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The Case of Joseph Martinez: A Medical Student with Mania

  • Shannon G. CaspersenEmail author
Chapter

Abstract

Lifestyles conducive to manic-like behavior, such as that of the medical student with long hours and high academic ambition, can mask and/or exacerbate mania. Early recognition and aggressive treatment, both behavioral and pharmacological, are key to management. Effect and side effect profiles of mood stabilizers need to be taken into account when choosing medications for particular patients with bipolar disorders, according to their lifestyles and life goals. Transference and countertransference with manic patients within the medical hierarchy need to be addressed in any treatment relationship, but given the sometimes aggressive and grandiose nature of mania, these issues require particular attention in the medical trainee presenting with mania.

Keywords

Pressured speech Bipolar I disorder Mania Substance-induced mania Delusions of grandeur Psychotic features Mood-stabilizing medication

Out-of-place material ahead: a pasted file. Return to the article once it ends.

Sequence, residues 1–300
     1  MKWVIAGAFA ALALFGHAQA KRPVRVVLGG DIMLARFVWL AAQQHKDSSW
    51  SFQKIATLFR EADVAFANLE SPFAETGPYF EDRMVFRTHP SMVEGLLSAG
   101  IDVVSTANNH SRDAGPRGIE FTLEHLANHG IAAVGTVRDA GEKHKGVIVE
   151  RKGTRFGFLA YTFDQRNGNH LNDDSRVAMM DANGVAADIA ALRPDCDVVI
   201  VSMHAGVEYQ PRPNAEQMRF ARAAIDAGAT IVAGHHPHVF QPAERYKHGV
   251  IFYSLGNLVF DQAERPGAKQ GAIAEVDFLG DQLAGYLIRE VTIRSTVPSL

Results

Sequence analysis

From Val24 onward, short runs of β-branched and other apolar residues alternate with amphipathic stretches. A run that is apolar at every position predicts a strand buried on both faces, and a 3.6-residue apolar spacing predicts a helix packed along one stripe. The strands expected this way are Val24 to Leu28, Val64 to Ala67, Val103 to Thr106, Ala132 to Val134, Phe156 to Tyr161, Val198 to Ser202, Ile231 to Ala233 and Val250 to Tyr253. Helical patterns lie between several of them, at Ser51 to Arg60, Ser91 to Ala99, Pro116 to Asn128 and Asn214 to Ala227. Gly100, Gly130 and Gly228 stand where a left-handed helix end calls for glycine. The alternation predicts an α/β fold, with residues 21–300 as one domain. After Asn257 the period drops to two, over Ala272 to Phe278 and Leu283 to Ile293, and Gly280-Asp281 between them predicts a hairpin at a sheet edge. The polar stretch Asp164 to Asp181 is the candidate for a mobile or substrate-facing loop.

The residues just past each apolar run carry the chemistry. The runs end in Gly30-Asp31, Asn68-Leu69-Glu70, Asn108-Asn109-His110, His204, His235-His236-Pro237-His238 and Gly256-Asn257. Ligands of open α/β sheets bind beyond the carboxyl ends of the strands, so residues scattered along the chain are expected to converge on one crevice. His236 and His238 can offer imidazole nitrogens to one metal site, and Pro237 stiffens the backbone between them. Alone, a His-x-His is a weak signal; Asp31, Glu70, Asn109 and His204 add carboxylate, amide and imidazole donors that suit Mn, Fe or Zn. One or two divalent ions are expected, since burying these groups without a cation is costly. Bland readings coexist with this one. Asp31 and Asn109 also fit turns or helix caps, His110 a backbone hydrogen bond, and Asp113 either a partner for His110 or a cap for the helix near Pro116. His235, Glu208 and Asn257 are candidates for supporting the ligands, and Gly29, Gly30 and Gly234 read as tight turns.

Reference

  1. 1.
    American Psychiatric Association. Diagnostic and statistical manual of mental disorders. 5th ed. Arlington: American Psychiatric Publishing; 2013.CrossRefGoogle Scholar

Suggested Reading

  1. Avery JD, Barnhill JW, editors. Co-occurring mental illness and substance use disorders. Arlington: American Psychiatric Publishing, Chapter 3: Depressive and bipolar disorders; 2018. p. 25–38.Google Scholar
  2. Viktorin A, Ryden E, Thase ME, et al. The risk of treatment-emergent mania with methylphenidate in bipolar disorder. Am J Psychiatry. 2017;174:341–8.CrossRefGoogle Scholar

Copyright information

© Springer Nature Switzerland AG 2019

Authors and Affiliations

  1. 1.Weill Cornell Medical CollegeNew YorkUSA

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